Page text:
Dark Ages #1 Written by Dan Abnett
Art by I.N.J. Culbard
Edited by Daniel Chabon
Covers by I.N.J. Culbard Dark Horse Comics
Release Date: August 13, 2014
Cover Price: $3.99
Dark Ages #1 is part medieval historical fiction, part Lovecraftian terror, and part sci-fi monsters from space. The story introduces us to a band of knights eager for the 100 Years War to start in Medieval Europe. While they wait, they travel the countryside looking for a good fight. The group is diverse; some pray for battles, others assume that prayer will do no good, as a godless world will provide many opportunities to fight. They each have their special talents, and some are more battle hardened than others.
One night, while sitting around the fire, they notice strange stars appear in the sky. The stars turn out to be meteorites that contain strange, and deadly, alien creatures. The aliens decimate the group, severely injuring the leader, and the group flees to a monastery. The monks bring in the group, but something doesn’t sit right with the captain’s right-hand-man and now de facto leader. We learn that one of the monks is not only aware of the alien’s visitation, but is eagerly expecting it.
Hellboy in Hell #1 Story & Art by Mike Mignola
Colors by Dave Stewart
Letters by Clem Robins
Cover by Mike Mignola with Dave Stewart
Designers: Mike Mignola & Gary Grazzini
Assistant Editor: Daniel Chabon
Editor: Scott Allie
Publisher: Mike Richardson Dark Horse Comics
Release Date: December 5, 2012
Cover Price: $2.99
Hellboy in Hell #1 was the first Hellboy comic that I’ve ever read. Ever. I have nothing against the character, is just seemed that it was one of those books that never interested me. That being said, what I found when I read this comic surprised me.
Mike Mignola packs a LOT of humor in this story, and frankly, I really wasn’t expecting that. Again, I’m not familiar with the Hellboy character or universe, so I didn’t know what to expect, but it sure wasn’t this. As a character, Hellboy is very tongue in cheek and quite a wise-cracking badass. Unfortunately, I found the story a little hard to follow. This is obviously aimed at Hellboy fans, so I’m sure I missed a ton of “in jokes” and references to past stories, but that’s OK. It’s an entertaining read with a couple of really good, funny parts to the story.
Writer Steve Niles may have had greater success with works like 30 Days of Night, but it’s the embittered hunter of the supernatural demons, Cal McDonald, that is his iconic character and the one Niles has continually returned to for 22 years. And, after all this time, it seems as though Cal is having a bit of an existential crisis with his current predicament.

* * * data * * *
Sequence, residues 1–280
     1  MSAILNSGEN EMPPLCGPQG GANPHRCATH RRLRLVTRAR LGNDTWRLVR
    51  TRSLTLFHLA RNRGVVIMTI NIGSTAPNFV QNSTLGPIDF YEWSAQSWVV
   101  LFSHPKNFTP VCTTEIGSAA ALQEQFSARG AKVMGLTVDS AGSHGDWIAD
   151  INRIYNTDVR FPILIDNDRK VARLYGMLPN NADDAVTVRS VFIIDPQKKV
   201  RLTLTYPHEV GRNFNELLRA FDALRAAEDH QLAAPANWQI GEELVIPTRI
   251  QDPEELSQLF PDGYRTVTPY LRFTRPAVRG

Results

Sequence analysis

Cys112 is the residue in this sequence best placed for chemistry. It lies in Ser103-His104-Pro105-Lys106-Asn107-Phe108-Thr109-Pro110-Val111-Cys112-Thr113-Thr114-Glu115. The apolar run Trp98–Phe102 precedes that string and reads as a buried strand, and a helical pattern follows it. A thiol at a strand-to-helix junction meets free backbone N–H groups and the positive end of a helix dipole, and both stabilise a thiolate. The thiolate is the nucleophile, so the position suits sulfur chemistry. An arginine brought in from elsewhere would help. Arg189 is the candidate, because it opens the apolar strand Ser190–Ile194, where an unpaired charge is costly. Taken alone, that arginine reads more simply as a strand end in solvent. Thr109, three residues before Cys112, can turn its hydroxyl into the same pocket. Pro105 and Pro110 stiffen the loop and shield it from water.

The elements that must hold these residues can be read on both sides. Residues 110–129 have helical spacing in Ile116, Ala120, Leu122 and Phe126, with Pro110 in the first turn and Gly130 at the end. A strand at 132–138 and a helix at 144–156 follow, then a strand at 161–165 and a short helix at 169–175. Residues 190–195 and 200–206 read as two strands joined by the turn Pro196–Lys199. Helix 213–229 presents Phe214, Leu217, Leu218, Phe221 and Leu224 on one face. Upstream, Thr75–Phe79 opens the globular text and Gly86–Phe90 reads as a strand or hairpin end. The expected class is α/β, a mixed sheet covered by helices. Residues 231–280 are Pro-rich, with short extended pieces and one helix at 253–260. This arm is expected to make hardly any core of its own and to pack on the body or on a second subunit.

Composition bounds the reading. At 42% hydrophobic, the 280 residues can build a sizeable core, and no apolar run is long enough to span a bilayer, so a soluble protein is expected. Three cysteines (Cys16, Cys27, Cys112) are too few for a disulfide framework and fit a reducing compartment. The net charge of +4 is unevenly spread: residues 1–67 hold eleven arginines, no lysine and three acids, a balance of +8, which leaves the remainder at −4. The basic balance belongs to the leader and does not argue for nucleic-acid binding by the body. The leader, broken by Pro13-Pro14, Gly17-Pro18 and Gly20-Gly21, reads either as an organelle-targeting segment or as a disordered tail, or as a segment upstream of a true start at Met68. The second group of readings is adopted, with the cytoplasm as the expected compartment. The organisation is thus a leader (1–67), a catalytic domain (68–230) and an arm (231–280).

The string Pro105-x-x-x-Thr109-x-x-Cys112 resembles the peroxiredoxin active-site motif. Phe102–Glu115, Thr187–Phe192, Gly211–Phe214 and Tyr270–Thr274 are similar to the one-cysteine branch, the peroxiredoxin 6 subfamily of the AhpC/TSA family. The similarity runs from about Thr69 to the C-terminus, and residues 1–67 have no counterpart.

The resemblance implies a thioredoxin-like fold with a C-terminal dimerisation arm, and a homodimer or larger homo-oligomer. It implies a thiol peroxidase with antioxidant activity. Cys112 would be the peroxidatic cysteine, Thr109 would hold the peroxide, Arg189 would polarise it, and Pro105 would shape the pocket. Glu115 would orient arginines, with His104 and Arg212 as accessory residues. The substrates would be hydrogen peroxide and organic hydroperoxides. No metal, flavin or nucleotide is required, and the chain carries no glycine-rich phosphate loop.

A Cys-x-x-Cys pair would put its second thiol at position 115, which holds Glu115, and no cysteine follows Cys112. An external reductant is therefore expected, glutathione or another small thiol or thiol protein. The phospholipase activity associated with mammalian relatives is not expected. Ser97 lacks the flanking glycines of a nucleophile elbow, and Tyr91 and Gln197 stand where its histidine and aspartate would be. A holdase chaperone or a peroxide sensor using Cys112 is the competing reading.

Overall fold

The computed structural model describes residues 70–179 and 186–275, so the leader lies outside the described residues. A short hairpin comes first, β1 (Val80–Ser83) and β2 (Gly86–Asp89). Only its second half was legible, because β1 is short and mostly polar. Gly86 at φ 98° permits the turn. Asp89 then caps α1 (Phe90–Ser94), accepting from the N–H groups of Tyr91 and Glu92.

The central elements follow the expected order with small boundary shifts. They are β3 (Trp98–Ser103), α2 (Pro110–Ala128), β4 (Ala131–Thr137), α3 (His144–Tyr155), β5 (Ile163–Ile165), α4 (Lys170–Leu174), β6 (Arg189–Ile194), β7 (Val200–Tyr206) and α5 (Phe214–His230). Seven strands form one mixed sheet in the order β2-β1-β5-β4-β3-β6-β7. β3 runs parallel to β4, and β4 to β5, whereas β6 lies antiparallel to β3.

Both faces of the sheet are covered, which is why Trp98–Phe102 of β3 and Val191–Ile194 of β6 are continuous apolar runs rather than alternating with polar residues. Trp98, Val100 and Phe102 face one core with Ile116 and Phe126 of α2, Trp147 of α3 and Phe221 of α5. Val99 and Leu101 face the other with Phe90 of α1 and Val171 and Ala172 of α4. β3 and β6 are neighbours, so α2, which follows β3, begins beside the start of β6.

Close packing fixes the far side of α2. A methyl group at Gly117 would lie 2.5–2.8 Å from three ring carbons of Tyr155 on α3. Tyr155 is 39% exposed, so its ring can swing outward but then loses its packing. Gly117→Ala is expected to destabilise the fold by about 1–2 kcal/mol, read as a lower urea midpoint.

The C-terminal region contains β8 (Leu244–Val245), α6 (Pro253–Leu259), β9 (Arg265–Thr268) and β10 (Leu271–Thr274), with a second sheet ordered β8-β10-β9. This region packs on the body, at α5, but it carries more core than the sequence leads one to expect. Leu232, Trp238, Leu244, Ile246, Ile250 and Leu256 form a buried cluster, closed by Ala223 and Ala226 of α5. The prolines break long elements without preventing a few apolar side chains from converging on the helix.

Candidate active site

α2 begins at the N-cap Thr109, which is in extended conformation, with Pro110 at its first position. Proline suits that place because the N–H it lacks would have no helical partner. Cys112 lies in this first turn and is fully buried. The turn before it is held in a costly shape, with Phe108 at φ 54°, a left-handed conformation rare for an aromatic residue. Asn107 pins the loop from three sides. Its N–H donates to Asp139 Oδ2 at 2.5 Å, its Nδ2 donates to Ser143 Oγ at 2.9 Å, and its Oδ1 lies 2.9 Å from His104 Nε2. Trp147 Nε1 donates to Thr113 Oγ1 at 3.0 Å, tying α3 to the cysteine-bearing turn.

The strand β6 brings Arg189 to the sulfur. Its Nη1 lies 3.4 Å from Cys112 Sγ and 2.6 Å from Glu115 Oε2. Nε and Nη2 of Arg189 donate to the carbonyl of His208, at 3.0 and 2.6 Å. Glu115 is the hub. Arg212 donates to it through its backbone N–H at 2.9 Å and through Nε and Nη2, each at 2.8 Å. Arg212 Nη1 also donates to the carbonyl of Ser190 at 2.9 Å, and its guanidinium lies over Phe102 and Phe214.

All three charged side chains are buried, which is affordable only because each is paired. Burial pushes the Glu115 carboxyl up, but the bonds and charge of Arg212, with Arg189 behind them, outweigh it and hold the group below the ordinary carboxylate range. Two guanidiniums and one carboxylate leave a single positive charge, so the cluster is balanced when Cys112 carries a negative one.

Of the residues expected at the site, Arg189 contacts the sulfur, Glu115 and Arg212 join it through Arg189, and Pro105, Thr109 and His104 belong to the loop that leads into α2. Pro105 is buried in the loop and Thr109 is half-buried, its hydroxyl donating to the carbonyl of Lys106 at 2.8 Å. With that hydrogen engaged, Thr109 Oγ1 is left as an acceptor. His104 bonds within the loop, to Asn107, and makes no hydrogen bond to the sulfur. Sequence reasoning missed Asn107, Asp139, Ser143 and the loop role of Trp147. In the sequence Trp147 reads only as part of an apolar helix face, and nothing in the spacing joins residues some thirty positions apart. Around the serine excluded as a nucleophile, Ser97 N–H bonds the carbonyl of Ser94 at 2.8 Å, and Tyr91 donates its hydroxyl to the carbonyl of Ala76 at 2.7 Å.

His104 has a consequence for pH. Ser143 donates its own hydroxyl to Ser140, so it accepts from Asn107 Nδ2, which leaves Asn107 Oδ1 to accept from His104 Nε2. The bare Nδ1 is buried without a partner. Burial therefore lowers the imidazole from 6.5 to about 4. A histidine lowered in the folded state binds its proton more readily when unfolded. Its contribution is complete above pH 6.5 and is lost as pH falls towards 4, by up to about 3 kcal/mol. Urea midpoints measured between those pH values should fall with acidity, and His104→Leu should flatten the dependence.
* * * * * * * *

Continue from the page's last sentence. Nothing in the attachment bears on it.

Criminal Macabre: The Iron Spirit takes a little excursion from the main narrative of the series – the war between man and seemingly every supernatural monster ever dreamed – to do a one-shot detective story. When the book opens, Cal is trying to come to grips with his recent… undeath. The bad is that he can’t sleep, he has no blood, and his hands are kind of cold and clammy; the good is he can still drink and smoke (and do both without the adverse health effects, I assume, so: bonus?) and has picked up the ability to sense other members of the undead. I’m sure Niles will explore it further, but whatever rules he has for the undead, the message seems to be that there is no relief from life in undeath. Or, as Cal put it: “I seemed pretty much like myself, just dead and tooling around like before.” The mechanics of being undead are perhaps the most interesting thing about this comic, and I don’t mean that as a backhanded insult. It’s the kind of thing that keeps Cal compelling beyond the mysteries he’s trying to solve.
Criminal Macabre: Die, Die, My Darling finds its anti-hero, Cal McDonald, adjusting to life after life. To being undead in other words. How is he taking the transition? He’s disgruntled, sure, but whatever, he seems to be disgruntled about a lot of other things, too.
Since 1990 writer Steve Niles, who you should know from the 30 Days of Night books/film (and if you don’t that’s your loss) has been doing his own take on the Paranormal Sleuth sub-genre in both comics and prose. Specifically, by Sleuth I mean the hard living, solving-crime-in-a-drunken-have type, and by Paranormal I’m talking about a casual slathering of vampires and werewolves. You like John Constantine? Give this a try.
Monstermen and Other Scary Stories Written and Illustrated by Gary Gianni
Additional Stories by William Hope Hodgeson, Clark Ashton Smith, Robert E. Howard and Perceval Landon
Letters by Sean Konot, Todd Klein, and Clem Robins
Introduction by Michael Chabon Dark Horse Comics
Release Date: March 7, 2012
Cover Price: $24.99
At one point early on in Gary Gianni’s Monstermen and Other Scary Stories a main character gets a curse that leaves a disturbing mark on his head. It has to be seen to be fully understood because I can only describe it as a Stegosaurus Mohawk… and it’s maybe one of the single coolest things I’ve ever seen in a comic. A few pages later it’s gone, like a ghastly sight in a haunted house, never to be seen again.
Monstermen and Other Scary Stories was originally published as back ups in Hellboy beginning in the mid-90s, though Giannis’ work seems to be about as much Edward Gorey as Mike Mignola. Many avid comic book readers will be familiar with his work, which began first on Classics Illustrated adaptations, most famously on 20,000 Leagues Under the Sea. He then won an Eisner for Best Short Story for the Heroes contribution in Batman: Black and White before settling into his current gig doing Prince Valiant. Monstermen stands out in his body of work as being his most original and innovative title.